Professor Abe Cable joined the UC Hastings faculty in 2011. He graduated from the University of Puget Sound, BA History (1997), and Harvard Law School in 2000, where he served as an editor and member of the articles committee on the Harvard Law Review. Prior to joining the faculty at UC Hastings, he was a partner at Miller Nash LLP, in Portland, Oregon. In ten years of practice he worked on a broad range of matters, including private and public offerings of securities, angel and venture capital investments, sale of subprime mortgage-backed securities, and negotiation of software licenses. He has been a visiting professor at Berkeley Law and an adjunct professor at Willamette University College of Law and University of Oregon School of Law.
Areas of Expertise (7)
Harvard Law School: J.D., Law 2000
University of Puget Sound: B.A., History 1997
Selected Articles (4)
Currently, regulations try to limit unregistered sales of stock (private placements) to the “smart money,” either by informing investors through disclosure or excluding unsophisticated investors from the market. In theory, these smart-money approaches promote the dual goals of capital formation and investor protection. But in practice, regulators have struggled to craft effective disclosure or screening mechanisms. In light of these failures, this Article advocates for a new approach — investment caps that allow every investor a limited amount of “mad money” to invest in risky private placements. This mad-money approach can protect investors by encouraging basic diversification and liquidity, while advancing capital formation at least as well as alternatives.
Startup lawyering is a distinctive style of law practice first observed in Silicon Valley decades ago. Like other business lawyers, startup lawyers form entities, protect intellectual property rights, and document financing transactions for clients starting new businesses. But startup lawyers also encourage entrepreneurship more broadly by promoting Silicon Valley’s practices and conventions, such as standard contract terms that streamline negotiations with venture capital investors. Today, startup lawyers practice not only in established entrepreneurial centers such as Silicon Valley or Boston, but also in the shadow of economic development efforts to promote entrepreneurship. In this new context, startup lawyering is susceptible to both positive and negative assessments: as productive and professionally satisfying civic engagement or as wasteful rent seeking. Based on the author’s personal experiences and the academic literature, this essay identifies circumstances that support the more favorable view.
Venture development funds ("VDFs") are products of state and local government law that use public funds to invest in local start-ups, in the hope that these companies will then attract venture capital investment. Existing analysis by legal scholars largely assumes that establishing a private venture capital market is essential to encouraging entrepreneurship. This article challenges that assumption. It argues that VDFs and other policies focused on encouraging venture capital are outmoded and inconsistent with the ultimate economic development goals of state and local governments. In many industries, entrepreneurs can now get by with less capital because the cost of developing a product is rapidly declining due to technological advances (e.g., butt computing) and other developments (e.g., the ability to market an app through Apple’s App Store). But venture capital funds continue to seek out investments in a small number of industries that still require a great deal of capital, such as biotech firms trying to develop new drugs. This narrow focus is inconsistent with the advice of economic development experts to pursue industry-neutral policies that broadly encourage entrepreneurial activity in all of its forms. Also, policies oriented towards venture capital may undermine goals of employment diversity and stability because companies seeking venture capital pursue particularly high-risk business strategies that often fail. This article recommends that state and local governments shift their policies to encourage, or at least not hinder, alternatives to venture capital.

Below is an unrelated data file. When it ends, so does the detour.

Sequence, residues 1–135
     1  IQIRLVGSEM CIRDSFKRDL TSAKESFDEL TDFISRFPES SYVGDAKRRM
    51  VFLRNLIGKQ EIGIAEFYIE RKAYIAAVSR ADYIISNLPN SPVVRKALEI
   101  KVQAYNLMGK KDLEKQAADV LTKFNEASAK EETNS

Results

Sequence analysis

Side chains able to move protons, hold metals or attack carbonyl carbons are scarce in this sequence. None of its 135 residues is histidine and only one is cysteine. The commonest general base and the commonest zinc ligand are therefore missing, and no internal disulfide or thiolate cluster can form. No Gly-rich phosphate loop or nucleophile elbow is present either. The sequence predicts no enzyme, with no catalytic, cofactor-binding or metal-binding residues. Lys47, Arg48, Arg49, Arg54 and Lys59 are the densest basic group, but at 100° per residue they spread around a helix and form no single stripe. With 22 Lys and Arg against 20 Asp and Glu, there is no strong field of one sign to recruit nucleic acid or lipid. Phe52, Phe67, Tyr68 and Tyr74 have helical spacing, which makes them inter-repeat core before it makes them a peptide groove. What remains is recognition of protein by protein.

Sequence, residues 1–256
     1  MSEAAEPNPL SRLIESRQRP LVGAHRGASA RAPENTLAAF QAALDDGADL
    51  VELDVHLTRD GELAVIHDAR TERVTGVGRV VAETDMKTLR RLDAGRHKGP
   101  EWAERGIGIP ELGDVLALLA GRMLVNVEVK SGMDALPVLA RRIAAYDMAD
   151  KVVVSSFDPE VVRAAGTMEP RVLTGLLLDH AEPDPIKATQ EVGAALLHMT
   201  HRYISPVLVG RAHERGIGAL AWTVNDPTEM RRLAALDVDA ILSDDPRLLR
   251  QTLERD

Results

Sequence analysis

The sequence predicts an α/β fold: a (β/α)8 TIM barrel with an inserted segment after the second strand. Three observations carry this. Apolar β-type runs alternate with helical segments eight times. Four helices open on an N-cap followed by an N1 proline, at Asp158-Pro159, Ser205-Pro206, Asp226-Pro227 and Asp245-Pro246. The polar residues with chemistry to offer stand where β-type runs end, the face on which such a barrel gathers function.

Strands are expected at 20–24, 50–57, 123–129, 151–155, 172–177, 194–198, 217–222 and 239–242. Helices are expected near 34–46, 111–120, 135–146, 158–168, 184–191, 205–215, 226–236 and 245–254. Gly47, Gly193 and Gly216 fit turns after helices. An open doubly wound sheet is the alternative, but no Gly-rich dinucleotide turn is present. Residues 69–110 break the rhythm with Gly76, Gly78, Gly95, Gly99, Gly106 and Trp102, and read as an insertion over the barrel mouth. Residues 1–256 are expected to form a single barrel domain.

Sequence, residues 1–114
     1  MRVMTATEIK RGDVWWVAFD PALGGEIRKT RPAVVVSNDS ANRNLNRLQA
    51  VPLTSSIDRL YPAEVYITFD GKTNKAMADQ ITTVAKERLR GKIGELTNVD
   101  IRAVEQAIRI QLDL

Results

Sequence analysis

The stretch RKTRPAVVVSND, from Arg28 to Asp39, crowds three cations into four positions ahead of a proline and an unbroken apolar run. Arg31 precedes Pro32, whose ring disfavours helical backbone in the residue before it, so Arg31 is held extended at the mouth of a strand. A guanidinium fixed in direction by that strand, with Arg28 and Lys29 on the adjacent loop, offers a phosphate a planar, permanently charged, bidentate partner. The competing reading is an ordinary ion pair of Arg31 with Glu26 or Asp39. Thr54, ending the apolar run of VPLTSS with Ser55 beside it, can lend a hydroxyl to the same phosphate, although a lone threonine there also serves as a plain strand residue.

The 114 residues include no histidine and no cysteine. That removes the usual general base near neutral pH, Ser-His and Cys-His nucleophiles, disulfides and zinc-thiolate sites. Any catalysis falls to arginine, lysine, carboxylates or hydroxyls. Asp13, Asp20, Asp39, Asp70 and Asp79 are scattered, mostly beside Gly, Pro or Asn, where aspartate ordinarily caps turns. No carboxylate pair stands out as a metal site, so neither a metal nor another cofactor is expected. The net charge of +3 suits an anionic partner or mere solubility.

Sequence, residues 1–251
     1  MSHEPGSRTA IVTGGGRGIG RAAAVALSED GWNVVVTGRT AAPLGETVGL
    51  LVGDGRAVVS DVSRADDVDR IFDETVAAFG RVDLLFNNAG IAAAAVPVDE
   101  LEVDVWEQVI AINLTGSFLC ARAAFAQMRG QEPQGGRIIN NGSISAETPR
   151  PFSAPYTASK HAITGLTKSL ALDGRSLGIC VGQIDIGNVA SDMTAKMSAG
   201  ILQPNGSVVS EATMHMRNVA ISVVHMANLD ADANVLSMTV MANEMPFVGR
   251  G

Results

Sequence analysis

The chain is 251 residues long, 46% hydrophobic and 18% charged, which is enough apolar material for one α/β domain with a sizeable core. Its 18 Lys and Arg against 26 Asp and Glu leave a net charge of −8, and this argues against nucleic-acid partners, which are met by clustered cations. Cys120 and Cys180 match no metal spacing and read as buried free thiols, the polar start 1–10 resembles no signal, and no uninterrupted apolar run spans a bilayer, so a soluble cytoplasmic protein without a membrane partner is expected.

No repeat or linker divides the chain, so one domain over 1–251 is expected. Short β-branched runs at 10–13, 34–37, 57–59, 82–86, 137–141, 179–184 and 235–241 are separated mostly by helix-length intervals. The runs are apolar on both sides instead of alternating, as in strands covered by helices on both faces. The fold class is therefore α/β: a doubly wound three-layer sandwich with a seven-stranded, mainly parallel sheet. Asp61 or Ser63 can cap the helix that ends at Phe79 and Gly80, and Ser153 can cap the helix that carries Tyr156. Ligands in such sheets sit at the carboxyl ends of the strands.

Angel investors are an increasingly important source of funding for high-growth startup companies. These investors often organize into groups to invest more efficiently. Recently, the regulatory status of these groups has been questioned. This article argues that angel groups do not violate securities laws because their investor-led nature distinguishes them from regulated securities professionals and makes them similar to investor forums that operate under Securities and Exchange Commission no-action letters. More broadly, it argues that the current framework of private placement regulation adapts poorly to a changing market for startup company finance. It concludes with a reform proposal to clarify the regulatory status of angel groups and future innovations in startup company finance.